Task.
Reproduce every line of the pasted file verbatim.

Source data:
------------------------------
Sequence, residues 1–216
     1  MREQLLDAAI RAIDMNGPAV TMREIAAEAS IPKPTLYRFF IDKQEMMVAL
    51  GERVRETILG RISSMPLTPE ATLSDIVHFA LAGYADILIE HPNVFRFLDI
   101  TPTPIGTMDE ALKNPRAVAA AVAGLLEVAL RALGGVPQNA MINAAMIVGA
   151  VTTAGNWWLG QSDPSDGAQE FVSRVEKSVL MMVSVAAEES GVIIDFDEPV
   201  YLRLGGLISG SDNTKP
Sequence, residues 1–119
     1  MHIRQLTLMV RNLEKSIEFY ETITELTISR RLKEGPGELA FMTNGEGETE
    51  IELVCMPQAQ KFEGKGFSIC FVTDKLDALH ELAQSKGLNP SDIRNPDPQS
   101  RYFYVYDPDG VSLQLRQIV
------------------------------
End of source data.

Sequence, residues 1–216
     1  MREQLLDAAI RAIDMNGPAV TMREIAAEAS IPKPTLYRFF IDKQEMMVAL
    51  GERVRETILG RISSMPLTPE ATLSDIVHFA LAGYADILIE HPNVFRFLDI
   101  TPTPIGTMDE ALKNPRAVAA AVAGLLEVAL RALGGVPQNA MINAAMIVGA
   151  VTTAGNWWLG QSDPSDGAQE FVSRVEKSVL MMVSVAAEES GVIIDFDEPV
   201  YLRLGGLISG SDNTKP
Sequence, residues 1–119
     1  MHIRQLTLMV RNLEKSIEFY ETITELTISR RLKEGPGELA FMTNGEGETE
    51  IELVCMPQAQ KFEGKGFSIC FVTDKLDALH ELAQSKGLNP SDIRNPDPQS
   101  RYFYVYDPDG VSLQLRQIV